During the financial crisis of 2008, many companies in New York and across the United States benefited from Chapter 11 bankruptcy. Indeed, one Harvard Business School professor recently stated that Chapter 11 saved the U.S. economy. At one point during the financial crisis, a staggering $3.5 trillion in corporate debt was either distressed or in default. During 2008 and 2009, $1.8 trillion in public company assets entered bankruptcy under Chapter 11. As a result, financially troubled companies once thought to be on the brink of extinction were able to manage down their debt, restore their balance sheets and avert liquidation.
Chapter 11 bankruptcy helps distressed companies remain viable by giving them more options for raising cash. After filing for Chapter 11 bankruptcy, a company does not have to pay interest on pre-bankruptcy debts. It may reject unprofitable leases and renegotiate unfavorable supply contracts and collective bargaining agreements. Through debtor-in-possession financing, it is able to attract new lenders who are given priority in the capital structure over pre-existing creditors. It may then sell assets via a competitive, court-supervised auction.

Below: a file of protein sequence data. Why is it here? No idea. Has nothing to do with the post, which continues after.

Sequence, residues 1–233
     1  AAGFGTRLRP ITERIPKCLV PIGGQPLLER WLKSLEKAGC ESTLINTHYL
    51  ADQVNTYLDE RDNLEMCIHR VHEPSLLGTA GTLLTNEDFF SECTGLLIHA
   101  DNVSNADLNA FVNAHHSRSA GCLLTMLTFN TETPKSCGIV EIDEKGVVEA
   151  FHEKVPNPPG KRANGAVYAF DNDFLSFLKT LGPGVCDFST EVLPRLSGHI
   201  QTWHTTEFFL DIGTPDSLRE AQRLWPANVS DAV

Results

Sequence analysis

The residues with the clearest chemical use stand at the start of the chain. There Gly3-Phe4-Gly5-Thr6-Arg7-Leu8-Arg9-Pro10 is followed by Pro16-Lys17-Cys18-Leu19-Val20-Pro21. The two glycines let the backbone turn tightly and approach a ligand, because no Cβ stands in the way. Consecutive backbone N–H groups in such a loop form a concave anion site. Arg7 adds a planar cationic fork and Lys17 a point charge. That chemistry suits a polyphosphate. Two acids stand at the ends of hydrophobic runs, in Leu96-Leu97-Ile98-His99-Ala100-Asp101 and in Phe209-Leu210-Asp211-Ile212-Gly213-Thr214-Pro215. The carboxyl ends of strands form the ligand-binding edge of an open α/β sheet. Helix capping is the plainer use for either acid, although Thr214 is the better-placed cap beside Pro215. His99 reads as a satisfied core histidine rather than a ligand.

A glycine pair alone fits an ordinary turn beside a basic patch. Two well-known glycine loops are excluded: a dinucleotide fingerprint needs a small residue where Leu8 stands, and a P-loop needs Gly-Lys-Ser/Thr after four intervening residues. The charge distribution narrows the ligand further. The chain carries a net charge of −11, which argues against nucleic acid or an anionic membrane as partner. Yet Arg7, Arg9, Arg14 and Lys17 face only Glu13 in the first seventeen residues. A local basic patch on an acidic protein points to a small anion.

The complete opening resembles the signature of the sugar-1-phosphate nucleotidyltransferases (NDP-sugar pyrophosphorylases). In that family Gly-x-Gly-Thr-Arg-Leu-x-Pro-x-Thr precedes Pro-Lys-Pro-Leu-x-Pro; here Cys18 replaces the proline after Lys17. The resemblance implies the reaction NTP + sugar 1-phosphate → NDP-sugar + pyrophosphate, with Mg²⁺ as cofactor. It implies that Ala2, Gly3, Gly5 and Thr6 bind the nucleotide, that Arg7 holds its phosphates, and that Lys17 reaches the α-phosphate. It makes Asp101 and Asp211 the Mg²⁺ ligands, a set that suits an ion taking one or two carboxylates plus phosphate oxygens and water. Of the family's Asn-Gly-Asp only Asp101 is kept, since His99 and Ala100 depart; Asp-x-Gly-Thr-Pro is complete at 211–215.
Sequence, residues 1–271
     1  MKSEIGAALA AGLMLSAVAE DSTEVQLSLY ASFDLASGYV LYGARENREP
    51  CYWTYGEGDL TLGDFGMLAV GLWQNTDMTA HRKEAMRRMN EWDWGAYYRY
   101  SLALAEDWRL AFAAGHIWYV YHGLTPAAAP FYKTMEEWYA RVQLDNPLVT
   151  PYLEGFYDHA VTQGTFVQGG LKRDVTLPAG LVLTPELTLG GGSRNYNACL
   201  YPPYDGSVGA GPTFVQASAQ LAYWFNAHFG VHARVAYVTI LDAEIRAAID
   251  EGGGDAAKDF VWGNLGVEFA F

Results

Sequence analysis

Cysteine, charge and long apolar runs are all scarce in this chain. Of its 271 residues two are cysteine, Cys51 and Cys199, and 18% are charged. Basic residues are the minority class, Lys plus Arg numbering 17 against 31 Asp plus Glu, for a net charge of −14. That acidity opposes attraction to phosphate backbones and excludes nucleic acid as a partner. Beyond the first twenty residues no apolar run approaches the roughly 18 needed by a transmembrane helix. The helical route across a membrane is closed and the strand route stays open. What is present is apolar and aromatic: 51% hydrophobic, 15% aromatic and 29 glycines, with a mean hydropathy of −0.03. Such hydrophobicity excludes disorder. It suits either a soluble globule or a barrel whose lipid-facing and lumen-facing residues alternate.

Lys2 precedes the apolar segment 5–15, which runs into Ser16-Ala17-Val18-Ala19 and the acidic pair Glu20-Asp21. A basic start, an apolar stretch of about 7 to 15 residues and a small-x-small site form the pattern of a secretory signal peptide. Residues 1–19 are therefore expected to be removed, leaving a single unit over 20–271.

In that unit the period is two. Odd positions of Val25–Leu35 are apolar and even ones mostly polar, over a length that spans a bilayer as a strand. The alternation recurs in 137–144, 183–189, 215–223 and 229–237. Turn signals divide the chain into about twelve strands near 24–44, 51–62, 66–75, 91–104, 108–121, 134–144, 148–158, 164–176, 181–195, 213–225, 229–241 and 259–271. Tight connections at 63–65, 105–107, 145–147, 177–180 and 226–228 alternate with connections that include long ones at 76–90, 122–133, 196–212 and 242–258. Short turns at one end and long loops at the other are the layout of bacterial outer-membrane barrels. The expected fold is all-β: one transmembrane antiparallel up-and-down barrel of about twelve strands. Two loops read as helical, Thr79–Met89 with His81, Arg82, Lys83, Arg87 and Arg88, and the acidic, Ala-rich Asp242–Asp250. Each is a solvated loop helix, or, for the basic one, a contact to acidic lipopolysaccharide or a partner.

While some have criticized Chapter 11 as being too slow and costly, the process has evolved and adapted to deal with large, complex cases. Many companies are opting for pre-packaged or pre-negotiated bankruptcies in which negotiated restructuring agreements are reached with creditors prior to filing. This helps to keep down the costs of bankruptcy while minimizing the problem of creditor holdouts through Chapter 11’s relaxed voting rules.
Bankruptcy may not be right for all companies. The companies that may benefit the most from bankruptcy are those that lease many of their assets, like commercial airlines or large retail chains, as well as those that have large unionized workforces. Financial companies that have significant debt under derivatives contracts, which is not frozen by bankruptcy, may choose to address their financial challenges in another way. Any company considering bankruptcy should first seek the advice of a skilled bankruptcy attorney in deciding whether to proceed.
Source: Forbes, “How Chapter 11 Saved the US Economy,” Kim Girard, March 25, 2013by